In August 2011, the United States District Court for the Southern District of New York (Batts, J.) granted in part and denied in part defendants’ motion to dismiss. Of relevance, Judge Batts denied defendants’ motion to dismiss Securities Act claims concerning exposure to RMBS and VaR metrics.
Four days later, however, the Second Circuit issued its opinion in Fait, which held that, when liability under Section 11 or 12 of the Securities Act of 1933 is “based upon a belief or opinion alleged to have been communicated by a defendant, liability lies only to the extent that the statement was both objectively false and disbelieved by the defendant at the time it was expressed.” Fait, 655 F.3d at 110. Relying on this principle, the Second Circuit in Fait affirmed dismissal of claims brought under the Securities Act that were based on statements about goodwill and loan loss reserves because plaintiffs had failed to allege that defendants did not honestly believe the statements at the time they were made.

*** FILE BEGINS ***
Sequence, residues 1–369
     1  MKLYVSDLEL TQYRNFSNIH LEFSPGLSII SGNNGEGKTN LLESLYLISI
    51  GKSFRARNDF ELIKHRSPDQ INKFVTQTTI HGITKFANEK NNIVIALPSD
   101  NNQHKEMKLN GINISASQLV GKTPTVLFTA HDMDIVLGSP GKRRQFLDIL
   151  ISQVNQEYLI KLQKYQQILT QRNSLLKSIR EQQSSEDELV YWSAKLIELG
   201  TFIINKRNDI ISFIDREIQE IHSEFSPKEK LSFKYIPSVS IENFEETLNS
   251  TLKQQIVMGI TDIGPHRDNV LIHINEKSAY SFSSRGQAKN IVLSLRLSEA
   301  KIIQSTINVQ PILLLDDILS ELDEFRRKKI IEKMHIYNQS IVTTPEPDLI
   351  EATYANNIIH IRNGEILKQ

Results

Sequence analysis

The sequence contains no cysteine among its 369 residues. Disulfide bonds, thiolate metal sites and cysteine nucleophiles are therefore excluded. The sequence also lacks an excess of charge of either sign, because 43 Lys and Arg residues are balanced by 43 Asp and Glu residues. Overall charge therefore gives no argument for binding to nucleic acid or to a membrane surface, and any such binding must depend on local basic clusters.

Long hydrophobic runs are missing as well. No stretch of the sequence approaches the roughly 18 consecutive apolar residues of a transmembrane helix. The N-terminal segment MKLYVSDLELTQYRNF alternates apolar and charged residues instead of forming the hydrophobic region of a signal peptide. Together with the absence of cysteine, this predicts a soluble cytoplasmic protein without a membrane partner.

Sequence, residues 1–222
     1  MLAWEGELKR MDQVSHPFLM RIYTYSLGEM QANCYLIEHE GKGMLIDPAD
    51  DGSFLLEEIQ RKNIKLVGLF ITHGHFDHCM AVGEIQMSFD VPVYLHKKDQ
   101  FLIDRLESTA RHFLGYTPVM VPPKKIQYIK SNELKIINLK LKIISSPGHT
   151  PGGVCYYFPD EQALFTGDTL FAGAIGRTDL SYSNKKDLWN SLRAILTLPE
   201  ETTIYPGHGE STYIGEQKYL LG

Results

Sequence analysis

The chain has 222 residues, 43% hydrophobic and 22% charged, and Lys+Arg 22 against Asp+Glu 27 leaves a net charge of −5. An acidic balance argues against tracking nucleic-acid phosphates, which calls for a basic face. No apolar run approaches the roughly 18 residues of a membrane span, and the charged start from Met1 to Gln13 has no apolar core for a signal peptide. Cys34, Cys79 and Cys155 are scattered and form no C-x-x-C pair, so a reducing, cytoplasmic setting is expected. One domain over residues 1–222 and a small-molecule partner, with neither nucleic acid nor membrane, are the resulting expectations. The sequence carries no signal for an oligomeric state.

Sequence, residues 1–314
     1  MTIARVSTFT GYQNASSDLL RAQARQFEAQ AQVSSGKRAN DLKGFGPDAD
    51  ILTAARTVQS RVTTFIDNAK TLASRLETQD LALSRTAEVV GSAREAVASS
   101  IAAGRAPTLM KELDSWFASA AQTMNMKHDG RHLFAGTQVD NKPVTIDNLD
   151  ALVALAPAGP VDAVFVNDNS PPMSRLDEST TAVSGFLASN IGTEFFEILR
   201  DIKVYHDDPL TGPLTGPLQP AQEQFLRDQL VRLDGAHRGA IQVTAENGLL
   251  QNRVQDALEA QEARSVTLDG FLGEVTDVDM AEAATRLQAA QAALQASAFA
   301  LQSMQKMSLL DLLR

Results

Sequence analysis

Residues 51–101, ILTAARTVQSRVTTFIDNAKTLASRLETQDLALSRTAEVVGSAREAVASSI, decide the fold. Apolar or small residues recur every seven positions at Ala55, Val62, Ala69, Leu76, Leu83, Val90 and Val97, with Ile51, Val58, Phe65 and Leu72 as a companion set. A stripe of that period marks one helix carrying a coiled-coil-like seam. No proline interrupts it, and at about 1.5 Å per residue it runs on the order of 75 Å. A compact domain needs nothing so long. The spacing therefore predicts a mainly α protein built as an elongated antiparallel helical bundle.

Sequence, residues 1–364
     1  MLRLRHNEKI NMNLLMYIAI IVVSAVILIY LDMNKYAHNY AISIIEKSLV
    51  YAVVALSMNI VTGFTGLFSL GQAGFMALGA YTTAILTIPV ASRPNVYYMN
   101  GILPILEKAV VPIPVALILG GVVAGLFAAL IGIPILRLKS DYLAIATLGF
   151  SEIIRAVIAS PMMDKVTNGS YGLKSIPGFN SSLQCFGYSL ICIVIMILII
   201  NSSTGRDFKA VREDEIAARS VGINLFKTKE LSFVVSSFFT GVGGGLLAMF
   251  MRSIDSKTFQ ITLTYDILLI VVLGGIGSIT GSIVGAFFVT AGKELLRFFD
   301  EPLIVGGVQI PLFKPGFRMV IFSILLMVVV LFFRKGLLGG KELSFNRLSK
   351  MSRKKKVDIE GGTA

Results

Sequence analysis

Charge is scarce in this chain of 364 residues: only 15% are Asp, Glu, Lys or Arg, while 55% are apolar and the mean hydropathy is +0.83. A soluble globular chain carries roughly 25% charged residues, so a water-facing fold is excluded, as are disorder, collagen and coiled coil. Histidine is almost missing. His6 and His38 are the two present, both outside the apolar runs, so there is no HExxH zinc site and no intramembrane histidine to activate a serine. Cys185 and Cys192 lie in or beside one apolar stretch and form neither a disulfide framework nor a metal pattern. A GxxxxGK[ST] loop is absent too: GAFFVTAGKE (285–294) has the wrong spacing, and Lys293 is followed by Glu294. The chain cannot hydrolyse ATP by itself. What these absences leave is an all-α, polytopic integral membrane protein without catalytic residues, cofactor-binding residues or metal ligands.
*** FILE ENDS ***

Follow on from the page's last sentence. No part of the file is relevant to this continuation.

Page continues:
Following Fait, Deutsche Bank filed a motion for reconsideration, which the District Court granted in August 2012. Relying on Fait, Judge Batts held that defendants’ statements about RMBS exposure and VaR metrics were statements of valuation that were “matter[s] of opinion rather than fact,” and that plaintiffs had failed to allege that “[d]efendants did not honestly believe those valuations when made.”
Second Circuit Summary Order